It was only when she felt herself slide into depression, mixed with what had become nightly drinking sessions to obliterate the pain that ached like a knife in her heart, that she knew she had to at least try and move on. She called the real estate agent they’d been talking with before Levi left on deployment; it was supposed to be his last with the army. They had agreed that she would continue her playwriting, while he investigated establishing his own security firm. She would try; just try to live the way they planned, but without her husband. The air in the car felt stuffy, so she opened the window and swallowed the lump rising in her throat. She would not cry.

She slowed the SUV for the deep potholes that had carved their way into the road. How much further, she wondered, to the three bedroom cottage they had chosen, complete with verandas and a garden of lavender and honeysuckle roses…. She wasn’t disappointed. Through the trees ahead she saw the house. It was just like she had imagined. She felt the glass inside her begin to shatter again and taking a deep breath, she gripped the steering wheel and slipped the car back into second gear for the climb up the steep track.

Slowing the car to a stop in the driveway, she sat for a minute to take in the landscape. It was isolated alright and she wondered how she would cope with that, but she reasoned that nothing could be worse than losing her husband. The psychiatrist she’d been seeing during these long, lonely months without Levi, had warned her against the move.

“You’re not strong enough,” Dr Gambert had said. “Barely twelve months widowed …I mean having lost the love of your life, and you are planning to leave all your support systems behind. It’s not the sensible thing to do, Gabby.”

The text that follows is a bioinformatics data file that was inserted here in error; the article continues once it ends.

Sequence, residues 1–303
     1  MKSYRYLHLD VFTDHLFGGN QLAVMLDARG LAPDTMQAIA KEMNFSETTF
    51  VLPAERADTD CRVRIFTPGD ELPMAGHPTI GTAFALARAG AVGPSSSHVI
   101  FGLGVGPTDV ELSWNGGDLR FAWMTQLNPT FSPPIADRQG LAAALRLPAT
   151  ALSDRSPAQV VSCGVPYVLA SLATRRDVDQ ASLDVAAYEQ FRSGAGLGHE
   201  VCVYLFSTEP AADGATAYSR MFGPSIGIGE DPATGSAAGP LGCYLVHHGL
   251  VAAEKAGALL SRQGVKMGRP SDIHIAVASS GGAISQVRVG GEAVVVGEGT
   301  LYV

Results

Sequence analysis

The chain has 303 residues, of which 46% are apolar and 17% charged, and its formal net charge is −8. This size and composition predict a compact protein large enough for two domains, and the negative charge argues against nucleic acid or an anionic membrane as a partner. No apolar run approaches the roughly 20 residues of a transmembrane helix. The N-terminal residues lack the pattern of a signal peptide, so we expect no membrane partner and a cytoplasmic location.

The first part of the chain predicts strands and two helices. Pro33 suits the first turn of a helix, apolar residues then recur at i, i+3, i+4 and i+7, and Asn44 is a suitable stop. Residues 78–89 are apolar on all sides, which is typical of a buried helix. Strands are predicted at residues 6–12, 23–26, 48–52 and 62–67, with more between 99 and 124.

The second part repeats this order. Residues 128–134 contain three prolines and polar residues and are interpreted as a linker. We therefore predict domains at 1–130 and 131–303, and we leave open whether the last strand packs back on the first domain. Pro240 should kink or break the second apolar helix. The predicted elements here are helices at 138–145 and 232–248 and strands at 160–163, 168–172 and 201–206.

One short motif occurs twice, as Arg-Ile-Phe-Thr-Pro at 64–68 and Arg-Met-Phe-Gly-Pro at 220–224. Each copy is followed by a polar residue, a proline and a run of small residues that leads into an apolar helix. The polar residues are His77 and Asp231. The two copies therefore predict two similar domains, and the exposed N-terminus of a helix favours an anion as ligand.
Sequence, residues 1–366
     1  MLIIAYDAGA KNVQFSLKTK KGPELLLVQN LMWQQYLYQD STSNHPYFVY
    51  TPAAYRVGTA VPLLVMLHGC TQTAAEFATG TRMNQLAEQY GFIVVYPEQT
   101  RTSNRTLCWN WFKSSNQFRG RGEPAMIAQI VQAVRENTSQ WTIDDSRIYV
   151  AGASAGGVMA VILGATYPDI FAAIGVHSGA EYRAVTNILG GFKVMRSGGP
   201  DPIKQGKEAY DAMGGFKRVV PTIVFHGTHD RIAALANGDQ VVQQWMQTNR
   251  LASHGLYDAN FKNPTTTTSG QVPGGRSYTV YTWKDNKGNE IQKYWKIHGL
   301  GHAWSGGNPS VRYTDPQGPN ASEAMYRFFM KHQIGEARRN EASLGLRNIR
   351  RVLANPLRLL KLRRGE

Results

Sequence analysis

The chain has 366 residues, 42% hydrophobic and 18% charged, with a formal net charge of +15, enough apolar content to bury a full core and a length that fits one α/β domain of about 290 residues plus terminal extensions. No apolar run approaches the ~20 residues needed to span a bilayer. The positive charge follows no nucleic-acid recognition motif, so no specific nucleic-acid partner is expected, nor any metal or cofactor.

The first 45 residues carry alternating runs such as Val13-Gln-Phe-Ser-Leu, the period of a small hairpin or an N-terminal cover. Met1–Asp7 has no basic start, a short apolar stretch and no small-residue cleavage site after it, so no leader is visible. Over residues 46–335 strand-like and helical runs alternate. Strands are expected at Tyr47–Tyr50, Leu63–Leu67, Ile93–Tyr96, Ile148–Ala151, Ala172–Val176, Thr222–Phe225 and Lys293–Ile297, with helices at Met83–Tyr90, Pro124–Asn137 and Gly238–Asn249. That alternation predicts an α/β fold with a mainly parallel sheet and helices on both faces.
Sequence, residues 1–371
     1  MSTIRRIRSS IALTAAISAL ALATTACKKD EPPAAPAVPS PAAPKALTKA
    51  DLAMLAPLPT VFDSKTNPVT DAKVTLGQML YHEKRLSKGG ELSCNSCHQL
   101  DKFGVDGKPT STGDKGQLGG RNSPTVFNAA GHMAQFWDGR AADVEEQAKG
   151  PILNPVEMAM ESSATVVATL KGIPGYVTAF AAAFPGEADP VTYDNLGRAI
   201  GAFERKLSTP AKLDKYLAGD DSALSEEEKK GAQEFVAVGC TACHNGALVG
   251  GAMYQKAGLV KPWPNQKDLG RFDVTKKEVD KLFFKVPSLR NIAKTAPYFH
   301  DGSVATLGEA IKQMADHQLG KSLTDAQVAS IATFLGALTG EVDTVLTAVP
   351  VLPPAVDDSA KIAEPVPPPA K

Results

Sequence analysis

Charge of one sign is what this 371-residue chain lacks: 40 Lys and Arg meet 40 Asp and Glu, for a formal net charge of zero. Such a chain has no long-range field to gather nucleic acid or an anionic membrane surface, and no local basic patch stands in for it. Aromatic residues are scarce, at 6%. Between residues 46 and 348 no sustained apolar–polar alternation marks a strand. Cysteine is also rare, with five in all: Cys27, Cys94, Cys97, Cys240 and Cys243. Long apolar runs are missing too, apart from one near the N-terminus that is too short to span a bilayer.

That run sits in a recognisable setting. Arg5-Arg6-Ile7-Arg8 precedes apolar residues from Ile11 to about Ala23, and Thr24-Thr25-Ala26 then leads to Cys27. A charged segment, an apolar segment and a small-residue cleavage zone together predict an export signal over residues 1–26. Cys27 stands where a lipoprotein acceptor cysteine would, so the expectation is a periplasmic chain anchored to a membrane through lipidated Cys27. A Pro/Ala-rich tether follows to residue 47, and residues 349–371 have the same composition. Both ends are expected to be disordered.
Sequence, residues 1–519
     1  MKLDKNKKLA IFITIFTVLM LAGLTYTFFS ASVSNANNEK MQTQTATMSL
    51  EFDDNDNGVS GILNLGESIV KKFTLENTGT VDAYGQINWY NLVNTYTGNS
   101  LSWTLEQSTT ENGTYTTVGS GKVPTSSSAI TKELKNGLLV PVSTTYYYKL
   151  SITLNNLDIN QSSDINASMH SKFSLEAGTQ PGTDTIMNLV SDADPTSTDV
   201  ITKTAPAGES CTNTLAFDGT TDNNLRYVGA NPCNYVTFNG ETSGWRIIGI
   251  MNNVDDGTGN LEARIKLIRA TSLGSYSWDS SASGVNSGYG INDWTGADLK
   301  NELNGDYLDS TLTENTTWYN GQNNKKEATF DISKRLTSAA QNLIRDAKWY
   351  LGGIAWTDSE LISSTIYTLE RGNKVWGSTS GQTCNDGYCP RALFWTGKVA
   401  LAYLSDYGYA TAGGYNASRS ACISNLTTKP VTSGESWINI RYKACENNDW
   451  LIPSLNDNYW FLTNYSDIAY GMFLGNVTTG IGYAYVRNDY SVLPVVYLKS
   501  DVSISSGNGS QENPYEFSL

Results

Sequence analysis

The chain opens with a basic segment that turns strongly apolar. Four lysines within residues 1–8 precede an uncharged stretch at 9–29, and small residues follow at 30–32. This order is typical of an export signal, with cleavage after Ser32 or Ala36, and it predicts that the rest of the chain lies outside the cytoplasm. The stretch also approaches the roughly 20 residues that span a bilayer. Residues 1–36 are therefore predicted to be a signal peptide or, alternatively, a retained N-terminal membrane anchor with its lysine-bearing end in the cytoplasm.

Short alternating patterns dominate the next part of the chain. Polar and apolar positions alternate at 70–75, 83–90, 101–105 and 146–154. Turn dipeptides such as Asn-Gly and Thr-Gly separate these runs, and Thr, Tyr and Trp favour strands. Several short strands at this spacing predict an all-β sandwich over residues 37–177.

She had shaken her head at the doctor’s attempt to influence her decisions. She was having none of it. She knew what she wanted to do and she owed it to Levi to start the life they planned. Gabby still hoped Levi would come home to her and what better place to come home to, than their dream home which they had been looking at online – it ticked all the boxes – to begin their new life. She hardened her resolve and opened the car door, grabbing her overnight bag from the backseat – the suitcases and boxes could wait until the morning. She trod wearily up the stairs. The agent had left a ‘welcome’ note on the door and the key was under the mat. She jiggled the old lock and, opening the front door, she was hit by the dust that enveloped the inside of the house. She sneezed. This would not do at all. Inside she heard the phone ringing and, slamming the front door, made her way through the dim light that struggled through the blinds, following the ringing, until she found the wall phone in the kitchen.

“Hello,” she said impatiently, annoyed that someone was disturbing her already. The worried voice of her protective sister, Carey, greeted her.

“Gabby. Oh, thank God you’re there safe and sound. I’ve been worried about you all day.”

She stood on one foot, hand on hip and gripped the receiver. “Why would you worry Carey? For the hundredth time I’m telling you ‘I’m okay’. I know this is what Levi would have wanted. Why won’t you try to understand?”

She could hear her sister’s thoughts, wondering how best to pacify her, without her taking offence and hanging up the phone. “You know Gabby I’m not trying to interfere. It’s just that it’s miles from anywhere and you haven’t been well lately. I’m worried about you.  At a time when you should be near people, you remove yourself altogether and isolate yourself. Come on Gabby, have a think about it.”

“If you think I’m coming back to be fussed over and have other people make my decisions like you’ve all been trying to do, you’ve got another thing coming. I haven’t forgotten sis, that it was you who signed the forms to put me in that hospital. Emotional exhaustion they said. Well that was no excuse for those drugs they pumped into me, day in day out. I couldn’t think.”